IN THE HOT SEAT

New tour­na­ment di­rec­tor Dan Sevel out­lines his hopes for the Ned­bank Chal­lenge, in its se­cond year as part of the Race to Dubai Fi­nals.

Golf Digest (South Africa) - - Contents - BY STU­ART McLEAN

New tour­na­ment di­rec­tor Dan Sevel out­lines his hopes for the Ned­bank Chal­lenge. By Stu­art McLean

Dan Sevel has stepped into big shoes as the new Tour­na­ment Di­rec­tor at the Ned­bank Golf Chal­lenge. Sevel is the suc­ces­sor to Alas­tair Roper, who held the po­si­tion for 20 years un­til his re­tire­ment a year ago. Sevel is a keen golfer, a mem­ber at Kil­lar­ney GC in Jo­han­nes­burg, so when we chat, it’s soon af­ter he’s come off a quick nine holes on the Gary Player Coun­try Club course. He re­ports that the course is look­ing good, al­though, as usual, ev­ery­one at Sun City is cross­ing fin­gers for early sum­mer rains prior to the 37th Ned­bank Chal­lenge start­ing on Novem­ber 9.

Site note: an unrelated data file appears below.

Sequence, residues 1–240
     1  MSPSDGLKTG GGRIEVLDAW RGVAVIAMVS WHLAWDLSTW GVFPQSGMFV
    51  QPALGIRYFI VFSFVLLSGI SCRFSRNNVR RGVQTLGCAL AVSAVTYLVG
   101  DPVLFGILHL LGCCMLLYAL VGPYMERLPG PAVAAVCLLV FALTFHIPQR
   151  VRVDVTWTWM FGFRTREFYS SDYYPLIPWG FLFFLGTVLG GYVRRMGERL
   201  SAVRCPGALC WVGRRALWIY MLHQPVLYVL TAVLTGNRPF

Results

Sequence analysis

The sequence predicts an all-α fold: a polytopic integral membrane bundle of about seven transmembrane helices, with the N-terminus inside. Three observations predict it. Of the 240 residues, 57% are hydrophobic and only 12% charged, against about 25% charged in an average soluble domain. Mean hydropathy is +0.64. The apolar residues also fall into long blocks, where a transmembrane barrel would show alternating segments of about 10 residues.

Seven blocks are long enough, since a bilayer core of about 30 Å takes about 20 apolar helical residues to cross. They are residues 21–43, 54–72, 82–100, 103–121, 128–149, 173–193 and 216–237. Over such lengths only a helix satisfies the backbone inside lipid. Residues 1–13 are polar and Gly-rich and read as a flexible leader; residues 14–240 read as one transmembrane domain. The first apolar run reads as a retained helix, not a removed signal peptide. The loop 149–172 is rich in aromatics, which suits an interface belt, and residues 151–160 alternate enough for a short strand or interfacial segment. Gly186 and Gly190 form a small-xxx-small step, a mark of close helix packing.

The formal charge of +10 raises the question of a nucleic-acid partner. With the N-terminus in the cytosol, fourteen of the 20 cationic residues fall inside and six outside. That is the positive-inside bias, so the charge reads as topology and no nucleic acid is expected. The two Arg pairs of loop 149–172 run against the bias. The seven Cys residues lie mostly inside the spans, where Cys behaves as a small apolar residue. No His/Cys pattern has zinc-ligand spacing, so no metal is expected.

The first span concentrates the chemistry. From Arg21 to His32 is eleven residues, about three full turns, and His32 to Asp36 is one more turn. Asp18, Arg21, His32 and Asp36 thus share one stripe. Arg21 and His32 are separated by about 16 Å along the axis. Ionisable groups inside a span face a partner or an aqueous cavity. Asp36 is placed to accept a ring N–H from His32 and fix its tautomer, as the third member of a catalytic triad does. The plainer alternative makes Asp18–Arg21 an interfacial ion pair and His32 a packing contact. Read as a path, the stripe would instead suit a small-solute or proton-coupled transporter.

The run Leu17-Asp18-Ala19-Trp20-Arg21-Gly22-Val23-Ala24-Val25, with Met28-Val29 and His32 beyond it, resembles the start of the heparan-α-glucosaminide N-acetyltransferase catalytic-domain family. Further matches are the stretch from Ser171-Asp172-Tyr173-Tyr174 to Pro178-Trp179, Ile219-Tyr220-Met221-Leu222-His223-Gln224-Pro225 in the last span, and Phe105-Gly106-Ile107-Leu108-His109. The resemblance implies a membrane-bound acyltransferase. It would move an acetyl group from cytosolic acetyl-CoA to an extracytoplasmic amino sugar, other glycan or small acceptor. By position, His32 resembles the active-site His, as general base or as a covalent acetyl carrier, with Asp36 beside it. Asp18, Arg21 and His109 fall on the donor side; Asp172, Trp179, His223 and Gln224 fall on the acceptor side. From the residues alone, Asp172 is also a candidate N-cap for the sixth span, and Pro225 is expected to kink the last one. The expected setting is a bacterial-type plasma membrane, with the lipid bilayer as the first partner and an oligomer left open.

“The rough is look­ing a bit sparse, so we need the rain to help toughen the course for the tour­na­ment,” he says.

It might be Sevel’s first year in the hot seat, but he’s had a wealth of ex­pe­ri­ence serv­ing un­der Roper go­ing back to the start of the mil­len­nium.“I worked un­der Alas­tair from the 2000 tour­na­ment through to 2008 – be­fore go­ing on to work in hos­pi­tal­ity at the 2010 Fifa World Cup, and start my own busi­ness – and he was a huge men­tor. He gave me lots of re­spon­si­bil­i­ties and op­por­tu­ni­ties dur­ing that time, so I feel pre­pared to make the step up.When Alas­tair knew the date of his re­tire­ment he ear­marked me as his suc­ces­sor, and I re­sumed work­ing at the tour­na­ment in 2015. Last year he handed over the man­tle, fol­low­ing our first 72-man tour­na­ment as part of the Race to Dubai Fi­nals.”